When I moved to Indianapolis in 1981, the largest employers were industrial, largely in pharma, automotive and consumer electronics: RCA (3 divisions--Records, Consumer Electronics, and VideoDisc), Eli Lilly, GM (3 divisions--Metal Stamping, Allison Transmission, Allison Engine), Chrysler (two divisions--foundry and alternator/electrical plant), Jenn-Air (upscale appliances; later bought by Maytag), International Harvester (foundry and engine plant; now Navistar and closing next month), Ford, and Western Electric.

All are gone or about to close, except Eli Lilly and the two Allison operations. Gone along with them from Central Indiana are smaller supplier companies in the tool & die, plastic-molding, chemical-blending, metal-forming, wholesale supply and packaging businesses.

That's a huge hit in manufacturing and supporting jobs. Not least among the losses are the well-paid back-office, administrative, managerial and engineering jobs that left with the factories...including the one I moved here for.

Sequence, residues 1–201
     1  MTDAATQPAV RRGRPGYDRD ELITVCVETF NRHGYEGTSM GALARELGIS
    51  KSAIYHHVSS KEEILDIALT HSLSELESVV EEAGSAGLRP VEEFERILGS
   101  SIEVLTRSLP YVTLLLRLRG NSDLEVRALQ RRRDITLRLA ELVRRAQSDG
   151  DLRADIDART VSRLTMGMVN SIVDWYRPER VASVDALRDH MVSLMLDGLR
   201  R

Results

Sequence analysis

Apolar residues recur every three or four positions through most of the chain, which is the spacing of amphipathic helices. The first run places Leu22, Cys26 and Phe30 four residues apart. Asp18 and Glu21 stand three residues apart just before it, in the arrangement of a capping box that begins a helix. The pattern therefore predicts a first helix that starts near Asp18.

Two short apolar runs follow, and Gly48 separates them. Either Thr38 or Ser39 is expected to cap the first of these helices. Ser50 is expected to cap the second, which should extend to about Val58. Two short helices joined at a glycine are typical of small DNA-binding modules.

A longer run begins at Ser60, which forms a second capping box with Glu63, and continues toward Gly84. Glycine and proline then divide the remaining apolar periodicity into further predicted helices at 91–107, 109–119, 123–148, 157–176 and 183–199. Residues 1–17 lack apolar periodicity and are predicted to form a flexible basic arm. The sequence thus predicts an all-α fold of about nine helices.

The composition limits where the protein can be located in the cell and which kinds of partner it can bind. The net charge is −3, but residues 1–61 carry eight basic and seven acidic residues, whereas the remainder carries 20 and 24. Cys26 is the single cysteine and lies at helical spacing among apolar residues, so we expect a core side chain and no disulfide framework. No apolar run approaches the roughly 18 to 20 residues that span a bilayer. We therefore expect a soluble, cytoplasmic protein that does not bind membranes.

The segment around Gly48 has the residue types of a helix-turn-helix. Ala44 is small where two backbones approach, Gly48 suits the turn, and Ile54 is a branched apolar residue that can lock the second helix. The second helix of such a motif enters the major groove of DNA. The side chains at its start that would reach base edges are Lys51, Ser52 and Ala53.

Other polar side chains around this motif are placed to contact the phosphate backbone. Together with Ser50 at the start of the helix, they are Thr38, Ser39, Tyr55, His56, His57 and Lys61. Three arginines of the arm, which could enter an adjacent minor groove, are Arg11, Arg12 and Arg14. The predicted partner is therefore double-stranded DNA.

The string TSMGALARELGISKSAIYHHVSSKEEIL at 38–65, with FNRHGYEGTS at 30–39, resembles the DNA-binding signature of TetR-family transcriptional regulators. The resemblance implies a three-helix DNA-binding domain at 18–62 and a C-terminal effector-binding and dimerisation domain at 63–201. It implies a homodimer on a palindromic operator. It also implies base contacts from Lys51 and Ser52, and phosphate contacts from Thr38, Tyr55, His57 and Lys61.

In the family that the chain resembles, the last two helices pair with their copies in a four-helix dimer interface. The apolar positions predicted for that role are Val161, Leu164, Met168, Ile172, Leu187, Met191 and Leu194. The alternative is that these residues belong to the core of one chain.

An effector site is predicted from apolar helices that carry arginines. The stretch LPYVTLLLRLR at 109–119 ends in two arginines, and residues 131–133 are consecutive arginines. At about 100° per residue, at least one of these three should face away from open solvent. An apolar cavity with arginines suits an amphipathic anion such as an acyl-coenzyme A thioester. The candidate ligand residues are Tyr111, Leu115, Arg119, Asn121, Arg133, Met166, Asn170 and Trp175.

Manufacturing job losses have been largely offset by a lot of growth in State government staff (and the accompanying rent-seekers in law, lobbying and trade associations), as well as Wellpoint (everyone's new villain), logistics (FedEx's second-largest hub, which provoked development of a gazillion square feet of distribution warehouses), the convention/tourism/hospitality sectors, and a nascent IT/electronic marketing cluster. Add an NFL team with a very large annual payroll and high average wage of its own (and a lot of players and staff who actually live here all the time).

Add significant growth at the IUPUI/Clarian "meds and eds" complex; IUPUI is Indiana's largest state university campus and houses IU Law, IU Med, Herron School of Art, and the largest graduate program in Public and Environmental Affairs in the US. Several scholars on ROI for urban investments, Greg Lindsey [urban trails/greenways], Mark Rosentraub [stadiums & pro sports], and Craig Johnson & Joyce Man [TIF districts] made their reputations and published while at IUPUI.